19 May 2016

NCEA overtakes funding as main issue for schools

6:05 am on 19 May 2016

Teachers are happier and students better behaved but low-decile schools are struggling to keep up, a survey of secondary schools shows.

The NZCER found NCEA is seen as placing too much work on teachers. Photo: 123RF

The findings come from the Council for Educational Research's three-yearly survey of secondary teachers, principals, trustees and the parents of secondary school students.

NZCER senior researcher Cathy Wylie said it showed the NCEA had become the central issue for principals and teachers.

"It's replaced funding as the biggest issue facing schools," she said.

The NZCER has run the survey every three years since 2003.

It was sent to all principals, two trustees and one in four teachers at all 313 state and state-integrated secondary schools last year, with 182 principals, 1777 teachers, 232 board of trustee members and 1242 parents and whānau responding.

Of those surveyed, 65 percent of principals and 51 percent of teachers said the NCEA workload was a major issue for teachers, and 53 percent of teachers said motivating students was a major issue.

Dr Wylie said the survey showed schools had made no progress on other aspects of the curriculum, such as ensuring students had key competencies, like independent learning, and co-operation.

"The focus has gone to raising the level of achievement in NCEA, but it's raising the question of what can we do to improve the overall quality of education."

She said it was heartening to see fewer teachers, principals and trustees saying student behaviour was a problem at their school.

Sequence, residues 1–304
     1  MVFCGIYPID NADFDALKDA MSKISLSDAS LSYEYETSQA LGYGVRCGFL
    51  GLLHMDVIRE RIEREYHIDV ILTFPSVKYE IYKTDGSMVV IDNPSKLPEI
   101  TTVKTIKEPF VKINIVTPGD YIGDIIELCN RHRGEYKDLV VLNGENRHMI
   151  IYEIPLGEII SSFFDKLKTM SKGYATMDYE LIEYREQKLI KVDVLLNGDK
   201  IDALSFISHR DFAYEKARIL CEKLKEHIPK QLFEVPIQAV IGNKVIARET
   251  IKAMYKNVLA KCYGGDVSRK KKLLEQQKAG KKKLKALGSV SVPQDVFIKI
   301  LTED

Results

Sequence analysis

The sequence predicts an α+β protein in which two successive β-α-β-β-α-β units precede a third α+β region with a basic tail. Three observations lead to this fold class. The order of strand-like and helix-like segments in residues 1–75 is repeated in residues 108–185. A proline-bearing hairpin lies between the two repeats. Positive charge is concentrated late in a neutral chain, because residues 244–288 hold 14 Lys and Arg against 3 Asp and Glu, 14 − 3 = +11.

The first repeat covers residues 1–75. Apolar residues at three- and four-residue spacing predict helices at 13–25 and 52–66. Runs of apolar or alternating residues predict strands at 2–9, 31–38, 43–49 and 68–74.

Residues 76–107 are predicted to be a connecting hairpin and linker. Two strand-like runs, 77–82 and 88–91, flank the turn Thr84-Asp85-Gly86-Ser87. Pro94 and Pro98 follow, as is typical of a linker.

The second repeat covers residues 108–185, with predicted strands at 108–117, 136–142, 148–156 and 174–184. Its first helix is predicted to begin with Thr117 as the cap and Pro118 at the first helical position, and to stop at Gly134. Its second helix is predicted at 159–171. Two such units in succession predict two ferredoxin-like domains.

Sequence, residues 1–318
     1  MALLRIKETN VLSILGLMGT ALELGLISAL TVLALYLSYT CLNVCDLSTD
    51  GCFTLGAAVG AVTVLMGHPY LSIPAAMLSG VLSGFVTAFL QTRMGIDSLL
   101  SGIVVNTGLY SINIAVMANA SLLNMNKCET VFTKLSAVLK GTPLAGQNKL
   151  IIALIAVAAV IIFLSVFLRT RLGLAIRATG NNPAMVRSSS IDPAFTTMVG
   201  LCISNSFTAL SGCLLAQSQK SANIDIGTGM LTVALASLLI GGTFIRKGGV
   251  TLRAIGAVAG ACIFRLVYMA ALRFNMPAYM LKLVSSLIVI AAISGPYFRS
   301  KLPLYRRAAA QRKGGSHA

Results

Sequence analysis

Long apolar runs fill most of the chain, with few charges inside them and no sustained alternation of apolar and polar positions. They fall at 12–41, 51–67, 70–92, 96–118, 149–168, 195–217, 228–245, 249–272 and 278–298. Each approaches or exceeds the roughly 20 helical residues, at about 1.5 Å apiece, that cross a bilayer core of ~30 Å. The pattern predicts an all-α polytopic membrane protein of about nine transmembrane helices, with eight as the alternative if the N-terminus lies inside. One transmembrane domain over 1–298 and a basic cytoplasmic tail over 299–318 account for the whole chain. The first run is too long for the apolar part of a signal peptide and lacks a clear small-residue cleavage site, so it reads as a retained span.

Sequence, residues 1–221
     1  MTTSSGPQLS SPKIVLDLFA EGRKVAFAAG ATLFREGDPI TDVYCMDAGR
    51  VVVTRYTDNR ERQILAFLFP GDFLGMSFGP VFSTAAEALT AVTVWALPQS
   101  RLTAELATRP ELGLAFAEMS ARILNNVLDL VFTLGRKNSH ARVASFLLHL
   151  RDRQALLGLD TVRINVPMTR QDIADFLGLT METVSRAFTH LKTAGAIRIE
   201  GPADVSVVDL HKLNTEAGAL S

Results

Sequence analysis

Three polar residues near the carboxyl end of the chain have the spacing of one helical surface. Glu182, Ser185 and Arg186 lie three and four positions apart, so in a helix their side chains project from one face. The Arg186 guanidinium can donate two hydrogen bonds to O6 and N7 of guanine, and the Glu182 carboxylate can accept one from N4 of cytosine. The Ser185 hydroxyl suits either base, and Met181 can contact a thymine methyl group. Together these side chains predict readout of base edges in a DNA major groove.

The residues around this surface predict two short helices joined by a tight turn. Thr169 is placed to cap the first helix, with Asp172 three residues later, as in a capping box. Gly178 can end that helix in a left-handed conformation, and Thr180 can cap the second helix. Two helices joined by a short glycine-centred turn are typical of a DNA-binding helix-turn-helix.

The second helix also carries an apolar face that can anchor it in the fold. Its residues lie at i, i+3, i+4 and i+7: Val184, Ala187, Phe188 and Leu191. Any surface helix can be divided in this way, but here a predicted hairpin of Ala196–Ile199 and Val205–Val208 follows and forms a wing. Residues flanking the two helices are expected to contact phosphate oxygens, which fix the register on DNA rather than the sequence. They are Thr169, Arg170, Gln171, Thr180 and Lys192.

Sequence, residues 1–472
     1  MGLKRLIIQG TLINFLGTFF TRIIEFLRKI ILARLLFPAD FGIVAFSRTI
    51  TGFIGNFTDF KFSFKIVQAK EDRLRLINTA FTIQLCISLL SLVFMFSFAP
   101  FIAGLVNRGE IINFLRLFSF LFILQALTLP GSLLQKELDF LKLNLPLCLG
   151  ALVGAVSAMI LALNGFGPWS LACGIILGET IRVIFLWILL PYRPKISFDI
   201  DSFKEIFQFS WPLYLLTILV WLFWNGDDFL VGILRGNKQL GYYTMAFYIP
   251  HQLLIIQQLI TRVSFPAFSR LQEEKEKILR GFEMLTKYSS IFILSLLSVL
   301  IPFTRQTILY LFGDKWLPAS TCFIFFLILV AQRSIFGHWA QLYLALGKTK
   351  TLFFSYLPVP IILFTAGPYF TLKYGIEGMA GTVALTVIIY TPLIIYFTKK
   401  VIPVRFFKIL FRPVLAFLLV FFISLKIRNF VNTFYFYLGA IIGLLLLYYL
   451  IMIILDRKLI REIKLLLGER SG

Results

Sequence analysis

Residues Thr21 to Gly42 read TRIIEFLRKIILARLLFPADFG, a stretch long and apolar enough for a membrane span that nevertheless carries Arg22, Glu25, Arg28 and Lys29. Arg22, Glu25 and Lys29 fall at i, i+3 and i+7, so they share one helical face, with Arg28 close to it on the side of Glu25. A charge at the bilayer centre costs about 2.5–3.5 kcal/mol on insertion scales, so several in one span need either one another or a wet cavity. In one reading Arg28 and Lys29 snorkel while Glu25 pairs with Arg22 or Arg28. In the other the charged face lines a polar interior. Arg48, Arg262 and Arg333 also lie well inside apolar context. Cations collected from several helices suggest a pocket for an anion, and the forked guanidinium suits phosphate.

Other findings from NZCER survey:

  • 77 percent of teachers felt under pressure to improve students' NCEA results
  • 51 percent of teachers said NCEA assessement had narrowed the curriculum for their students
  • 14 percent of principals found government funding was sufficient.
  • 51 percent of principals said funding was a major issue.
  • 62 percent of schools have a Bring Your Own Device (BYOD) approach to technology.
  • 7 percent of parents said their child was not attending their first choice school.
  • 74 percent of parents said they got good information about their child from their school, up from 53 percent in 2009.

Only 15 percent of principals rated student behaviour as a major issue, compared with 26 percent in 2012 and 33 percent in 2009.

Dr Wylie said the decrease was probably due to the impact of the Positive Behaviour for Learning scheme.

She said the survey also showed the government's attempts to help schools make better use of new technology were working.

Digital divide

However, Dr Wylie said it was clear there was a digital divide between rich and poor, with decile 1 and 2 schools finding it harder to get students to bring their own digital devices to school.

Those schools generally faced greater challenges than higher-decile schools.

"In areas where we've seen progress, yes, those schools have made progress, but not enough to close that gap."

Low-decile schools had the most difficulty finding teachers and were more likely to report problems with student achievement, motivation and behaviour.

Dr Wylie said decile 1 and 2 schools clearly needed more resources so they could help their students progress.

Secondary Principals Association president Sandy Pasley said the improvement in student behaviour was probably because of new approaches such as the Positive Behaviour for Learning scheme.

But she said students might also be seeing greater value in schooling.

"Maybe students are realising that it's really important to get good qualifications and to get a good education in the present climate."

Ms Pasley said concerns about teachers' NCEA workload indicated schools needed to make greater use of external assessment.

"To do that something's got to be looked at seriously between the differences in pass rates between internal and external," she said.

Post Primary Teachers Association president Angela Robert said teachers were frustrated with a lot of the work associated with the NCEA.

"There's a lot of busywork that goes on that we don't see necessarily adds to the robustness in our judgements, in our marking, and all of the other work around NCEA," she said.

"There is a frustration with the type of workload I guess, that NCEA is putting on our desks."

Ms Roberts said one solution would be to reduce the amount of double-checking of the NCEA grades that teachers give, and focus that moderation work on the teachers who needed it most.